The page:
On October 9 Peru’s Congressional Commission on National Defense, Internal Order, Alternative Development and Drug Control approved a bill which would give the country’s armed forces a greater role in the fight against drug trafficking.
Currently, the military works jointly with the national police in areas where it has been deployed, and its role is limited to security patrols and counterinsurgency work. If passed by Congress, the law would allow the military to directly detain and question suspects and seize vehicles in areas where the government has declared a state of emergency, like the Apurimac and Ene River Valley (VRAE).
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Since taking office, President Ollanta Humala has increasingly militarized the fight against drug trafficking, stepping up the combat of the Shining Path rebels, who oversee a large portion of Peru's narcotics trade. While the government has captured the leader of the guerrilla faction based in the Upper Huallaga Valley, the VRAE faction has remained a persistent threat despite repeated military operations there.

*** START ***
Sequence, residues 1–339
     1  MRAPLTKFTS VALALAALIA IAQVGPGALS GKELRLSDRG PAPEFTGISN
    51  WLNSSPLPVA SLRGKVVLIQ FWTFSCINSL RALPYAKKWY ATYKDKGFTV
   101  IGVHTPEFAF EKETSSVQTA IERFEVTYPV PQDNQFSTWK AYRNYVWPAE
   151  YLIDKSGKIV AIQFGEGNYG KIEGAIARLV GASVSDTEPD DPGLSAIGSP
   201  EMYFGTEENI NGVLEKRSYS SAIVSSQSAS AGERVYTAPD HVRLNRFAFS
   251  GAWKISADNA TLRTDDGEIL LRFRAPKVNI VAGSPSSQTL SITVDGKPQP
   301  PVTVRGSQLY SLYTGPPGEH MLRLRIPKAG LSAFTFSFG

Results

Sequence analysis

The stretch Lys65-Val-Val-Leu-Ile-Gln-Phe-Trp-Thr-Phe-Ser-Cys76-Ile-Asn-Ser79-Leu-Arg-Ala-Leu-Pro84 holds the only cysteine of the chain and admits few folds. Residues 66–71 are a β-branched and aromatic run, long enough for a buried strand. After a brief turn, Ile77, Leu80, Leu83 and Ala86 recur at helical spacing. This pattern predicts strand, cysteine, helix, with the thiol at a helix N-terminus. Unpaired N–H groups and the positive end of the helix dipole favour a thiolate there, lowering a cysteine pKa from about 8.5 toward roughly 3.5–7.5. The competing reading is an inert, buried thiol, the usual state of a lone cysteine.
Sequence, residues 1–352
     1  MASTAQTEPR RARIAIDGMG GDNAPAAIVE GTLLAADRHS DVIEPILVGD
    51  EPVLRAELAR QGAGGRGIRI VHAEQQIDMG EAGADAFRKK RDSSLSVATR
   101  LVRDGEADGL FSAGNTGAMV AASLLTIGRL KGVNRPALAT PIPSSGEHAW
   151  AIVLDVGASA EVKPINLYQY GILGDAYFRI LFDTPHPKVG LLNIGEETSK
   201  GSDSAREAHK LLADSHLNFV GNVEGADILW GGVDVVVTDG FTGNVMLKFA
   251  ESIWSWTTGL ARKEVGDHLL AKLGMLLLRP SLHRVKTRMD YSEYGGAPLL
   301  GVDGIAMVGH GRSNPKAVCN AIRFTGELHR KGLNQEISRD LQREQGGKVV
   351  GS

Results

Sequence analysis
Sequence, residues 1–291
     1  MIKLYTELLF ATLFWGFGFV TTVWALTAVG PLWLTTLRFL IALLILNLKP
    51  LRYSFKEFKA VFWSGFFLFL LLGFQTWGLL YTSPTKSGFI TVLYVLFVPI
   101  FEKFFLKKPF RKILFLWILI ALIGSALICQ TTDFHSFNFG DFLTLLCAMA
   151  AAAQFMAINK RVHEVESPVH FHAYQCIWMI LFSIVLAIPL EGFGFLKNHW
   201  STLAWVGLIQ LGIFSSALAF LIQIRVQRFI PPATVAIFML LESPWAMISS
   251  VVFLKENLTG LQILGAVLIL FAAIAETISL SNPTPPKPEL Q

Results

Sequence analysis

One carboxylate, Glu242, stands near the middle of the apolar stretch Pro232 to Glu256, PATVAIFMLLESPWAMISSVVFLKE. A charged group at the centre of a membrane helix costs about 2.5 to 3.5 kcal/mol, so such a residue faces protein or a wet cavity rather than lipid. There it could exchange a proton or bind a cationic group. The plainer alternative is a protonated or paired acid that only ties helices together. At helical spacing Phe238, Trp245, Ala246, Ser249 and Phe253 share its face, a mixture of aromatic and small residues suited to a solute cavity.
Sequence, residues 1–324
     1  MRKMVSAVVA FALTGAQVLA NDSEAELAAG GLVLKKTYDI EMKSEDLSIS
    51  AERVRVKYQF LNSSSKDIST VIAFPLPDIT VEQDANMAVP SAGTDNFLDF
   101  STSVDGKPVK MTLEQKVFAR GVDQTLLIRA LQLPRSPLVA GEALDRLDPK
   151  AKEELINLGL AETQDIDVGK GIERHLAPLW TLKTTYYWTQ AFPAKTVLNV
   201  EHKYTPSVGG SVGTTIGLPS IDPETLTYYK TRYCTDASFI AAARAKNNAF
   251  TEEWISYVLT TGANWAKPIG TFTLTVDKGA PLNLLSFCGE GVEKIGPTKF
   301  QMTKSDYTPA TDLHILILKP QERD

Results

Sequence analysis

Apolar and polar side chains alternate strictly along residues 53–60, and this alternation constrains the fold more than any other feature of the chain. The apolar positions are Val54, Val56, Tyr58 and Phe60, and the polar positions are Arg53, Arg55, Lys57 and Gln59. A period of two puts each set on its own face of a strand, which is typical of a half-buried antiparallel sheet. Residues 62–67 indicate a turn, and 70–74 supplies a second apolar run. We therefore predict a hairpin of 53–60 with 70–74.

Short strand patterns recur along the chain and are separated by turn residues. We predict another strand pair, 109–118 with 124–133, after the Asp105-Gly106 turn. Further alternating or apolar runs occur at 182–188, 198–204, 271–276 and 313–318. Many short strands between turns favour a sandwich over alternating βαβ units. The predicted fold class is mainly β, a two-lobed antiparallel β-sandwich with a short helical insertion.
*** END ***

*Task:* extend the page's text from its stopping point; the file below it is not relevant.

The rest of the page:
Increasing the military's role in combating drug trafficking makes sense in light of the challenges law enforcement faces in confronting rebels and other drug traffickers. Police officials carrying out coca eradication efforts have been met with violent resistance, which military personnel may be better equipped to handle.
The use of the military in domestic security comes with risks, however. For one thing, the Peruvian army is not immune from corruption. High level military officials have been accused of collusion with organized crime and drug trafficking organizations. Some analysts also question whether areas of the country dominated by the drug trade would be better served by social programs and anti-poverty campaigns than by a heavy military presence.